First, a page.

Barriers to lameness management: What still needs to happen?

Pedersen
Barriers to lameness management: What still needs to happen?
In the study, whilst hoof trimmers were seen as central in terms of lameness support, vets were less commonly viewed as having a supportive role. Some farmers valued vets in terms of their contribution at herd level. Photo: CHCSB

There’s no doubt that if we really want to tackle lameness then we need to do it as a team and, when it comes to lameness, the key stakeholders that need a seat at the table are the farmers, hoof trimmers and vets. However, despite having proven management programmes available and knowing that teamwork is what’s needed to implement these, it still isn’t happening enough at the individual farm level. So, why is this the case?

When it comes to lameness, the key stakeholders that need a seat at the table are the farmers, hoof trimmers and vets. Photo: Sara Pedersen 

A recent paper published in the Journal of Dairy Science sought to explore the perceptions of different stakeholders when it comes to barriers to lameness management and what they perceived their role to be alongside those of other stakeholders. The research was led by Dr Beth Ventura and Dr Gerard Cramer at the University of Minnesota and involved the use of 14 focus groups held between April 2017 and March 2020. There were 5 dairy farmers, 4 hoof trimmers and 5 vet groups with between 4 and 8 participants per group.

Differing definitions of lameness

Whilst all groups agreed that lameness was a significant challenge, there were differences in the way that each defined lameness, and this was particularly marked between advisors (vets and hoof trimmers) and farmers. Although this has been previously reported, it is important that this is highlighted as a barrier since getting everyone on the same page to start with is a key stepping stone to moving forward with improved management – if a farmer doesn’t perceive there to be a problem, then it is unlikely that they will act.

Like many diseases, lameness is multifactorial and there is no silver bullet, and this was highlighted as a key source of frustration by vets due to a lack of simple answers and the challenges with convincing farmers to follow the latest research. As one vet said, “…you can’t just say ‘This is the answer, boom’.” However, this alongside the complexities of lameness management strengthen the need for collaboration and different sources of advice and support.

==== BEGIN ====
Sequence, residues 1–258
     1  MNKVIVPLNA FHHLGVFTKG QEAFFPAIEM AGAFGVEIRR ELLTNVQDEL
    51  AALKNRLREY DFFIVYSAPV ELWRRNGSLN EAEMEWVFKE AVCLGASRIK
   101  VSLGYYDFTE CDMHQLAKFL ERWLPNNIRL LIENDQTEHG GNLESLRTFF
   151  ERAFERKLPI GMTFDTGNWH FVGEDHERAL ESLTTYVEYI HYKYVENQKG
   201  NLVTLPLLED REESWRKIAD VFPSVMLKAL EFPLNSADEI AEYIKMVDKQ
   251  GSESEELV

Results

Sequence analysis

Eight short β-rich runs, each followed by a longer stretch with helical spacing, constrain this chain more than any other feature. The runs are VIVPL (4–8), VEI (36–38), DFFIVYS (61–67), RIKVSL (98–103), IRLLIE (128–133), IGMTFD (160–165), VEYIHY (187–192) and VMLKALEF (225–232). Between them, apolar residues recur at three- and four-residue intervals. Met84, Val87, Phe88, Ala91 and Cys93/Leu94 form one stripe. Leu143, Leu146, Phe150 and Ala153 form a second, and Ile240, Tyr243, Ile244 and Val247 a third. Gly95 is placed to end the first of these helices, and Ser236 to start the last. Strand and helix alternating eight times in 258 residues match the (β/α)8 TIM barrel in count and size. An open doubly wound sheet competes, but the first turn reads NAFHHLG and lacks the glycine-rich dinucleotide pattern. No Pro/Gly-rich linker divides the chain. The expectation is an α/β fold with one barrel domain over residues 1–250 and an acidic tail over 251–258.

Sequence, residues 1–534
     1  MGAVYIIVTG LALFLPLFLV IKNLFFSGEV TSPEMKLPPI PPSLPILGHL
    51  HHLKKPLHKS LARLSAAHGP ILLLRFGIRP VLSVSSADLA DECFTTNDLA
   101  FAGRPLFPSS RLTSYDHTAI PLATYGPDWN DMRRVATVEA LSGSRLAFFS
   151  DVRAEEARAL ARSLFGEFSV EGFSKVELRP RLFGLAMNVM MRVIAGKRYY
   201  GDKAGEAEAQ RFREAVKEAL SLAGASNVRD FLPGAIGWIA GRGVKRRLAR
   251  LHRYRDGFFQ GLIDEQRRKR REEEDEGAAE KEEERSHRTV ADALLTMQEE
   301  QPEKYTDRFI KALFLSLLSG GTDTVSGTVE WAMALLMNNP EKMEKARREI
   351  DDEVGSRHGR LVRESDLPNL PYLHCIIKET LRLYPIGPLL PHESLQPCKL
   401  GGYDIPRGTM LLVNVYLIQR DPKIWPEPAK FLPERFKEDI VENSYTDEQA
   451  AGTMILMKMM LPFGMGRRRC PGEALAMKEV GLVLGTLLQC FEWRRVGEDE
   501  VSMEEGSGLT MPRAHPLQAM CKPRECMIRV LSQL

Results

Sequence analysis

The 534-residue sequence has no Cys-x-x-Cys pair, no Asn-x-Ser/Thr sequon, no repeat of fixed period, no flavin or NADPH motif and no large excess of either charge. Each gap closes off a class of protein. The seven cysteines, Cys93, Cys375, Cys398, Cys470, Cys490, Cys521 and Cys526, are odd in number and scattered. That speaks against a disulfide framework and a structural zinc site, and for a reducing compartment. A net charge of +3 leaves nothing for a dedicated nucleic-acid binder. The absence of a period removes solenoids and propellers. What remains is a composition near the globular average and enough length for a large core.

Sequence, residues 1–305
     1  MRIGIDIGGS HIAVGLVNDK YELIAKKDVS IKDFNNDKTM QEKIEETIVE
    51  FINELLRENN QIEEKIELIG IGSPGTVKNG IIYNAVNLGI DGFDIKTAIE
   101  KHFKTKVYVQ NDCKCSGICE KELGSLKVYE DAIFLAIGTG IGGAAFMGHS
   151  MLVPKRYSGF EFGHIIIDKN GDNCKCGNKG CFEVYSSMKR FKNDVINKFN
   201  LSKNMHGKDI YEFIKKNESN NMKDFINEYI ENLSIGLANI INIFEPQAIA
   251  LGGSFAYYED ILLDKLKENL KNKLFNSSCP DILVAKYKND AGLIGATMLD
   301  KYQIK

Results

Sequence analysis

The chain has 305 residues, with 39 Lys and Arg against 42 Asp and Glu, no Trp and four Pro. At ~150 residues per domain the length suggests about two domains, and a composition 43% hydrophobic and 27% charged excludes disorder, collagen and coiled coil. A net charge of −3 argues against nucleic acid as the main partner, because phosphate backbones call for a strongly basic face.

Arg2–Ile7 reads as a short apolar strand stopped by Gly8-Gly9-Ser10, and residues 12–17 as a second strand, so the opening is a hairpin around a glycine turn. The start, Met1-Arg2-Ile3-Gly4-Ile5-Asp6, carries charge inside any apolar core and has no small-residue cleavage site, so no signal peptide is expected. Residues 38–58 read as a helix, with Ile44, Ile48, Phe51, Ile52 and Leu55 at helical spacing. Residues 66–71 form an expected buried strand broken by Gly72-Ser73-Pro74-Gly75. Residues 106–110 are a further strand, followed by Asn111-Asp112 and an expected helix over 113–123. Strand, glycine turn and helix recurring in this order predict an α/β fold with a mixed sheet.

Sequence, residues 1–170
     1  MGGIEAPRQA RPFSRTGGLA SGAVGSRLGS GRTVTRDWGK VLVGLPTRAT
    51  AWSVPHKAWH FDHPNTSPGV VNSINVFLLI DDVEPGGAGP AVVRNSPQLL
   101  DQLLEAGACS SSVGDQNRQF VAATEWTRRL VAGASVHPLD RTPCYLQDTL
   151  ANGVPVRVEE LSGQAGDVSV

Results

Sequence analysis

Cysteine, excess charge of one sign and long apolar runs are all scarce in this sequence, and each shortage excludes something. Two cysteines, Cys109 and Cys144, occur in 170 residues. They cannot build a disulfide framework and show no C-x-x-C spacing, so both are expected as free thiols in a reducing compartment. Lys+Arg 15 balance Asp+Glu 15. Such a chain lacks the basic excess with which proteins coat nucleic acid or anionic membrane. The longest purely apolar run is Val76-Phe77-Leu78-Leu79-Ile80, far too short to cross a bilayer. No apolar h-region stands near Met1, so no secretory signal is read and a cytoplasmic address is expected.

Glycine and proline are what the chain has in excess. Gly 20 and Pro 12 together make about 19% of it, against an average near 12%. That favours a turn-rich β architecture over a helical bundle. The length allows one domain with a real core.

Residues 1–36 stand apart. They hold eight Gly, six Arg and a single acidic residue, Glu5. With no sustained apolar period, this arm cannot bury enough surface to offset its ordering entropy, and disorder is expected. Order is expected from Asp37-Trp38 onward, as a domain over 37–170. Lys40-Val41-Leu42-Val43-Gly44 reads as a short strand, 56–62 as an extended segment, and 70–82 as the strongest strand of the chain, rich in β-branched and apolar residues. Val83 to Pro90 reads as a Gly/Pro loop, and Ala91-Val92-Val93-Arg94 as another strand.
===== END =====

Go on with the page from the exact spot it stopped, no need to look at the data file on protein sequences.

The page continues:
The roles of the individual

It was clear from the focal groups that there was a wide range in farmers experiences of lameness management. However, it was repeatedly highlighted that tackling lameness is a shared responsibility and the onus should not just be on the farmer themselves.

Advisors felt their role covered 3 different aspects: day-to-day farm level technical work, providing consultancy advice, and ensuring welfare was maintained. However, there were slight differences in the exact area each of these covered when comparing vets and hoof trimmers. The technical work was focused on the cows, including identification of lame cows, trimming and treatment, whereas the consultancy advice was targeted at the people involved on the farm e.g., engaging in conversations about lameness and agreeing on goals and control measures.

Both hoof trimmers and vets raised their role as advocates for the animals and the need to ensure that lame cows were correctly cared for. However, it was recognised that the responsibility for the welfare of lame cows can’t rest solely on either the vet’s or hoof trimmer’s shoulders and that this was an area that worked more effectively with collaboration. Despite this, it was raised that vets often feel a little on the outside of lameness discussions due to the central role of the hoof trimmer and the fact that vets need to focus on so many aspects of herd health. One vet stated that once lameness management had been left to hoof trimmers it was ‘sometimes difficult to get back in the loop’. This echoes the experiences in the UK where the last 20 years has seen a shift from vets undertaking the majority of the hoof trimming to this being undertaken by professional trimmers. However, effort must be invested in bringing both parties together to ensure the best outcomes on farm.

Managing expectations

Whilst bringing everyone together is beneficial, it’s important to understand the expectations of each stakeholder, both in terms of what they think their role is, and how they view the responsibility of other stakeholders. The study reported that farmers had different views in terms of how the hoof trimmer and vet worked within the team. Whilst hoof trimmers were seen as central in terms of lameness support, vets were less commonly viewed as having a supportive role. Some farmers valued vets in terms of their contribution at herd level, however, more viewed the vet as having a limited role. Despite the majority of farmers interacting with both their vet and hoof trimmer to some degree, there was limited collaboration between them on farm. However, there was a common desire to forge better links between hoof trimmers and vets, with recognition that both commonly have the same concerns or aims on a farm and a unified message was usually more beneficial for the farmer. As one vet said, “sometimes 2 voices are better than one”.

Overall, the study highlighted that there is a desire for further collaboration between all stakeholders, but for this to happen there are several barriers that need to be overcome first. Breaking these down and understanding the expectations and role of each member of the team is crucial for a collaborative approach to result in improvements in lameness management. However challenging it may be, with lameness increasingly in the spotlight, it is the responsibility of all stakeholders to ensure that we now make the team approach to lameness the norm and not the exception.